Wild Apple


Wild Apple


That apple that crossed my path the other day wasn’t just an apple. It was one of those flares from what I call the “understory” but what some might call the unconscious, the dreamtime, or the imaginal realm.  

Or it may also be considered “the world behind the world”

I don’t always notice these flares because I am often so focused on the tension and cadence of the pace of time that I lose myself to the sharp shooting, sympathetic neural bolts that send my mind convulsing around “important” and immediate conditions and concerns.

My daily walkabouts around the valley where I live, within the noble, wandering oscillations of the Adirondack foothills, provides me much needed respite from these daily, mundane imperatives.

This is often when it happens that something breaks through, usually unexpectedly but, still as equally, that same something is not new even slightly incongruent amongst the tablature of nature and, once noticed, seems to me to be an obvious and inextricable truth of existence.

On this day it appeared as an apple. A perfect red gem that I almost stepped on in the woods where there were not just this one apple but hundreds upon hundreds of apples hanging above and falling down from the limbs of an orchard like the sweet, juicy seeds of grace that fall down into the human heart so peaked in fertile ripeness mixed with the smell of wild, dying sugar that I lost, for just an instant, all sense of myself and everything else.

And I became that apple.

And then, in another instant, back into myself but slightly bewildered by the space in between that is only informed by instinct and archetype.

That popped an unsolicited question into my mind.

Where is everyone?

Good yummy food

Poor, forgotten apples

We, well at least a vast majority, get apples from the grocery store.


Wild Sarsparilla digging with Dottie

Wild Sarsparilla Digging

While on a mushroom hike, my friend Dottie and I stumbled upon a large stand of Aralia Nudicaulis(Wild Sarsaparilla). Luckily, we are always prepared for an unexpected plant find and had our packs and a trowel. If you'd like more detailed info about Wild Sarsaparilla go to my previous post HERE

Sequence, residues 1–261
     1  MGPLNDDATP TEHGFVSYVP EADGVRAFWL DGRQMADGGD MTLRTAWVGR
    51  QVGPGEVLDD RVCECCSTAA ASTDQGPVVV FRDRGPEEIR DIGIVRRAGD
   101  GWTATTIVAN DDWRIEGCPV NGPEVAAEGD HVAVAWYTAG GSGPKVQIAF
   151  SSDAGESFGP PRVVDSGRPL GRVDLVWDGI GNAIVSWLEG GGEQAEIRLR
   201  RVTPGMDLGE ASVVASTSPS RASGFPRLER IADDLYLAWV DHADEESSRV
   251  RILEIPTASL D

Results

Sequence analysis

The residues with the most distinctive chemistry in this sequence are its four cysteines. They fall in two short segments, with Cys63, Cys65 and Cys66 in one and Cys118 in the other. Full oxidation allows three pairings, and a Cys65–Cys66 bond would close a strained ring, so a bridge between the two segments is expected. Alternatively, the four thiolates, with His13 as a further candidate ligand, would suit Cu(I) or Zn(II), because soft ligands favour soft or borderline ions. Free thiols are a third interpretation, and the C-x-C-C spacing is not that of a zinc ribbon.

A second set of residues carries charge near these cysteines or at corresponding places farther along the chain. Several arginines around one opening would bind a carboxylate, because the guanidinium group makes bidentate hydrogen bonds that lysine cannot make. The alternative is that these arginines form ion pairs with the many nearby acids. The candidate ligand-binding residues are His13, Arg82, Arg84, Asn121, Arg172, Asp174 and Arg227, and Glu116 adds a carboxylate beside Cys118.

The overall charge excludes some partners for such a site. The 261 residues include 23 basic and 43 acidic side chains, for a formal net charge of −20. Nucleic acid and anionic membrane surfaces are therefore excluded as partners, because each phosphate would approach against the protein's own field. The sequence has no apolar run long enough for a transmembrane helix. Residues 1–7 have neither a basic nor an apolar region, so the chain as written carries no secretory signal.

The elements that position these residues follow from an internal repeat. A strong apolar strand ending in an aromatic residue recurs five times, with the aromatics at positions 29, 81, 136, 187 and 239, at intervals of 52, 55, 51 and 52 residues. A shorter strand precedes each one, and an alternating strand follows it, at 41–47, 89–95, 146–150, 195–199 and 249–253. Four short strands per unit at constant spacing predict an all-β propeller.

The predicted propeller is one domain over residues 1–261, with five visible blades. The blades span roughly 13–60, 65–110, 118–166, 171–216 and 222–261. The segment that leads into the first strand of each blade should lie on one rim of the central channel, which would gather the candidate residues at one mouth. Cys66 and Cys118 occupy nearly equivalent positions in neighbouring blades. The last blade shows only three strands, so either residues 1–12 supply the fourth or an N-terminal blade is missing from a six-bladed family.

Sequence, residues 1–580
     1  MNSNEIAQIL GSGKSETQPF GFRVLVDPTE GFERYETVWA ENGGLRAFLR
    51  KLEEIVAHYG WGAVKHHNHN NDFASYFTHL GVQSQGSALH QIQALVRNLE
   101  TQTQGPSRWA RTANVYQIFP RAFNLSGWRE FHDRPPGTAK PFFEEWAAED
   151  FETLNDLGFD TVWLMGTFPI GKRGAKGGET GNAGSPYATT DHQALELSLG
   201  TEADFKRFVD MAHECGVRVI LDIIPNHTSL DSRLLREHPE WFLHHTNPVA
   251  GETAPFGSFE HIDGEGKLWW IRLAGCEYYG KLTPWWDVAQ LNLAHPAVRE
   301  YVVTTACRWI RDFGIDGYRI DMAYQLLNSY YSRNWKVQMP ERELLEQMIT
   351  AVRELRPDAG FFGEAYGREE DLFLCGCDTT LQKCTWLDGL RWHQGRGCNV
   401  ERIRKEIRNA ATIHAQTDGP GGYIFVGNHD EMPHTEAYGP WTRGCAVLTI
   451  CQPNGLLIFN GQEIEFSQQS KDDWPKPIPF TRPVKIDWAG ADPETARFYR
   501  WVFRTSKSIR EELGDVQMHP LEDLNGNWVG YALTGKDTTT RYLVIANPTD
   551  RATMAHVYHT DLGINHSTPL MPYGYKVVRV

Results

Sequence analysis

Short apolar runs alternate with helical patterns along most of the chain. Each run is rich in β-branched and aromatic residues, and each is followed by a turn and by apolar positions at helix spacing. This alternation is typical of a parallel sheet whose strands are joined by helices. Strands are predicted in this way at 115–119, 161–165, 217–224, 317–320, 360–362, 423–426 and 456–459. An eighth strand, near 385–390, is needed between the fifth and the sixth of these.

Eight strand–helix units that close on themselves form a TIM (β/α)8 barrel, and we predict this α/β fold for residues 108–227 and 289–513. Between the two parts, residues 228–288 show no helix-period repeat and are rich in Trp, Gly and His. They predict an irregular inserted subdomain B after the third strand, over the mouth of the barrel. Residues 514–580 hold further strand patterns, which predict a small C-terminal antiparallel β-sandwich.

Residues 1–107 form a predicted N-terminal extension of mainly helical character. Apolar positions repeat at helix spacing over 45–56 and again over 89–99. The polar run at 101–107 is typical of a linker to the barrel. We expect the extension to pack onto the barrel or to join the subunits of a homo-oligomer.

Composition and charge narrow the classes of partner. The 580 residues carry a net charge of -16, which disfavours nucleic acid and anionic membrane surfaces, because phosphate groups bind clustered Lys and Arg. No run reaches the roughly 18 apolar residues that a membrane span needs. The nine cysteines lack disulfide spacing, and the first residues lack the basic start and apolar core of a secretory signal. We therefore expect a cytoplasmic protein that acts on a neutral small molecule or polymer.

See video

The Crucible of Place~The Land as a Vessel of Our Intention


The Crucible of Place

~The Land as a Vessel of Our Intention

And so long as you haven't experienced this:

to die and so to grow,

you are only a troubled guest

on the dark Earth


My time spent in the woods and wilderness has been my greatest teacher, mentor, spiritual guide and therapist. It's what heals me and where I feel contact with a reality beyond the dullness of superficial reality. I am fortunate enough to live in a relatively wild place that is a habitat of extreme temperatures, rainforest amounts of rain and snow fall, and an array of untamed wonderments that exist within an immense vastness of trees, hills, mountains, rivers, streams and lakes. It is here that I have not only grown to learn the beauty of putting roots deep into the soils of family, friends, community and love of place, but also where I have evolved the focus of my soul's practice as a wandering pilgrim, a colonial exile, and devotee to the divine mystery. 

My meditation, prayer and daily ritual involve regular walks, hikes, kayaks and plant gathering excursions that lead me along the trails, fields, ravines and waterways where I live. The land has become the temple of my worship, the point of access where I connect with what some might define as God, Creator, the Great Mystery, what the alchemists regarded as Nature(capital N), and I consider to be the pure substance from which the origins and dimensions of creation exist freed from human and societal coercion and control .